Secondly, regulating information flow had never worked. The erstwhile Soviet Union did It for 70 years deluding itself that the ‘worker’s paradise’ was really popular with the masses. Nearer home, though Indira Gandhi bowed to international pressure and ended the infamous emergency in 1977, she called for elections with the smug satisfaction that her regime was popular, which was the impression fed to her by her own propaganda machinery. For it was she who disbanded four private news agencies and created her hand-maiden Samachar!

TAIL PIECE: There are many ‘iron curtain’ jokes but this one on the popularity of Russia’s mouth piece PRAVDA, though seemingly apocryphal, has a tell-tale lesson for the Kapil Sibal’s of this world: After the collapse of the Soviet Union, a citizen of Moscow went to his favourite coffee shop and asked a waiter to bring him a cup of the brew and the day’s PRAVDA. The waiter politely informed him, ‘Sir, I will bring you your coffee, but I am afraid I can’t bring PRAVDA because it was closed down.’ 

As the waiter deposited his coffee cup, the man asked him again to bring the day’s PRAVDA. The waiter politely replied again that the PRAVDA was closed down. However the man continued to ask for PRAVDA every five minutes. Finally, the exasperated waiter lost his cool and shouted, ‘How many times do I have to tell you Sir that PRAVDA was closed down?’ The man replied with obvious relish, ‘I want to hear it again and again and again!’ 


Thursday, December 01, 2011

Memoirs of a man of letters!

This tongue-in-cheek take on  ‘memoirs’ appeared in The Hans India on November 25, 2011.
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‘Guruji, I need your help’, gushed a breathless Subbu. He has this habit of barging in on me with news of ‘earth-shaking events’ or ‘momentous’ requests.  Subbu is a decent sort of chap, helpful to others and eager to learn but when he gets a ‘bee in his bonnet’ he is quite a bother. Considering his nature, it would perhaps be a little unkind to say he is exasperating at times.

‘What’s it?’ I asked politely, adding sotto voce, ‘this time’ with a silent sigh. ‘Guruji, I want to publish my memoirs’, said he eagerly. I understood. This is the season for publishing memoirs. Everyone who is anyone is up to publishing them. Some do this to get ‘it’ off their chest; some because they want to bitch on their colleagues and others with whom they want to settle scores. And some do it to make a quick buck by cashing in on salacious tidbits they are privy to, before signing off. But Subbu? I couldn’t imagine the editors of Penguin, Harper-Collins or other publishing houses queuing up before Subbu’s residence to buy off his memoirs. ‘Why do you want to publish your memoirs?’ I asked politely hoping that I might be able to dissuade him. ‘I have so many memorable events in my life, which I want to share with the world.’ Of course, everyone thinks so. Only the cynics call it human weakness or vanity .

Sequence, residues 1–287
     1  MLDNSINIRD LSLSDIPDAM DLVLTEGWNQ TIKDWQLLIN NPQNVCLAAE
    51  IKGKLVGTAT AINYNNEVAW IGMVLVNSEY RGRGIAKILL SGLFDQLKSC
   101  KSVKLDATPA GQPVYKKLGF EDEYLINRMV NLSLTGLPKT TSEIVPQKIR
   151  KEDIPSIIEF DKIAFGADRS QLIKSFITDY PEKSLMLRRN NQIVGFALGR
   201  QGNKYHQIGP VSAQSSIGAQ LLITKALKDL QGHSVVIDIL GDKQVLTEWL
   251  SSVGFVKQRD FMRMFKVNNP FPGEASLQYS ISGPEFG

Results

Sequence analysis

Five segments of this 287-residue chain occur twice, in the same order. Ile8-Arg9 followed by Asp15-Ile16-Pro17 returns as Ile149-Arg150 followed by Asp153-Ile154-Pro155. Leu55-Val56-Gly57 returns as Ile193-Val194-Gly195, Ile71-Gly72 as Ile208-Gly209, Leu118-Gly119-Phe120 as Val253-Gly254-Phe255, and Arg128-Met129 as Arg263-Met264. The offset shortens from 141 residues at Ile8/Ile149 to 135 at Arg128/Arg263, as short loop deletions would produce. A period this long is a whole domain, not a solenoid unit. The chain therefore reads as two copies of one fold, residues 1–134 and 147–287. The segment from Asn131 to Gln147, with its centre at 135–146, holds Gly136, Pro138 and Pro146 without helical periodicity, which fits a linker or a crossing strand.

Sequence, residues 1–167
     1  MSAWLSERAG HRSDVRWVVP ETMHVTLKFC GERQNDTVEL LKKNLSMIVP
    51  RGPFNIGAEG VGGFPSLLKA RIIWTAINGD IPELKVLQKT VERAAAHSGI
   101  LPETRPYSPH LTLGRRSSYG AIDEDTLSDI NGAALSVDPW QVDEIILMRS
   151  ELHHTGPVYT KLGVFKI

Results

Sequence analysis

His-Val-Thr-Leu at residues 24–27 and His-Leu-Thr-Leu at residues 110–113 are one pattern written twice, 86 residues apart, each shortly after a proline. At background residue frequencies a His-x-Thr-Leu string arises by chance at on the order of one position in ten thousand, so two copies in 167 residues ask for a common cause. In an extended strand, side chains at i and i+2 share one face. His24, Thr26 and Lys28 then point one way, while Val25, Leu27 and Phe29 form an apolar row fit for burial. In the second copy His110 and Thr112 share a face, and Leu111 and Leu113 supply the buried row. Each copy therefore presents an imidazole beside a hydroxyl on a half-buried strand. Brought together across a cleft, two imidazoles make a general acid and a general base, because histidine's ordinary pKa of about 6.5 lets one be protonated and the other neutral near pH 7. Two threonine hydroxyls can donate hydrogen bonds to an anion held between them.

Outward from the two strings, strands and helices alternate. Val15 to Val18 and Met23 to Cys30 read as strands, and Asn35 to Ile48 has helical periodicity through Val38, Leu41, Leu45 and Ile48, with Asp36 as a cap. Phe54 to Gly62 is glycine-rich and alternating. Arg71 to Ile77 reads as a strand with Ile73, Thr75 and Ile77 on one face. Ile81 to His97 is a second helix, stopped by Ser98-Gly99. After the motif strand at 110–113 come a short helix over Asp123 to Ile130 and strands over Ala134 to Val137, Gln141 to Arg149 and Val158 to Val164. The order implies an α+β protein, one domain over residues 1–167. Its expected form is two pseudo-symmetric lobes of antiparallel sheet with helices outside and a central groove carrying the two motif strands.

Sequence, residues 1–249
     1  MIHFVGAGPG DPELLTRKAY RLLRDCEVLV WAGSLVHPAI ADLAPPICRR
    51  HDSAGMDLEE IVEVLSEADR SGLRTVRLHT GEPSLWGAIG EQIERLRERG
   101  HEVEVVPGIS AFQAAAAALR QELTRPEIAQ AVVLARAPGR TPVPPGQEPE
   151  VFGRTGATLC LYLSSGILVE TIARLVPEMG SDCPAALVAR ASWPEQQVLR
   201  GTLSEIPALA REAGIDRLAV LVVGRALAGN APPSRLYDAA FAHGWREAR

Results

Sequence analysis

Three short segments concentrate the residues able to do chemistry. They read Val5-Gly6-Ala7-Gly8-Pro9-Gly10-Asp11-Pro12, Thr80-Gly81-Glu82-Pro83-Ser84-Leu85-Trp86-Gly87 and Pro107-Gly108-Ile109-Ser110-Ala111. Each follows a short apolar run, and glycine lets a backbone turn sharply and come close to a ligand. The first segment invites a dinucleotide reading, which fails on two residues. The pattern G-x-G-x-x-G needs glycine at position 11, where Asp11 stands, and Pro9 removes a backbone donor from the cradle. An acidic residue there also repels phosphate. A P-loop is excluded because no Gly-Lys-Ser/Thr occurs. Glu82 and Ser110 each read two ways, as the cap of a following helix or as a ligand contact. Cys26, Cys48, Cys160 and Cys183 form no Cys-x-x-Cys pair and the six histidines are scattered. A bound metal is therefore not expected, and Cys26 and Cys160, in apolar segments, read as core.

‘OK’, I said, ‘let’s begin with your childhood’. Why does everyone who writes a memoir include a chapter about childhood? “As a child, I and my friends used to play in the dusty and muddy by lanes of a small village in the outback of rural Bihar….I used to walk four miles every day to school….Our class teacher was a tyrant and he used to make us stand in the hot sun all day as a punishment.” This will help the reader understand, (a) the writer was a poor boy; (b) his heart is in the right place because he did not forget his humble beginnings and is not ashamed of speaking about them; and (c) he made it big in life although he came from a very humble beginning. 

Subbu said, ‘As a boy, I used to steal my father’s cigarettes to smoke with my friends.’ I forbore to say, show me any boy who didn't do it, for it would kill his enthusiasm. I told him, ‘we will make it cigars in the memoirs; but not the country variety. Havana or Cheroot would look classy.’ He considered it a moment, and then nodded.

‘What else did you do as a boy?’ I continued. He said, ‘I kissed Meena’. I exclaimed, ‘who’ but then added, ‘she would be old enough to be your grandmother’. ‘Oh no, I didn’t mean Meena Kumari. This girl was our neighbour in Tamil Nadu.’ ‘You couldn’t have done it’, I said, ‘because Meena is young enough to be your daughter now.’ ‘Guruji, you are mistaken’, Subbu said with a little impatience, ‘I was not referring to either the Hindi tragedienne or the Telugu movie queen; I was referring to a sweet little girl, my friend’s younger sister.’ Then his ‘kiss’ would not excite readers, sending their pulses racing. However, I did not want to dampen his enthusiasm, so I continued. ‘What made you do it?’ He said, ‘I saw my uncle, my father’s younger brother kissing our maid behind the haystack and thought I would do it too.’ Freud might be able to explain this impulse, or is it Jung? Anyway it was not up to me.

‘What next?’ I asked. ‘I would like to devote a chapter deriding the editor of…’ He named prominent English daily. Privately I was a little disappointed. I thought he would have more of the ‘kissing Meena’ stuff. There would be no queer men or naked women, which would go down well with readers and, more importantly, reviewers. For instance, no reviewer who reviewed the memoirs of a celebrity (I do not remember whose memoirs it was) left out this bit: “...and then she removed her clothes and lay completely naked before me on the carpet.” The reviewers did not tell us what happened afterwards.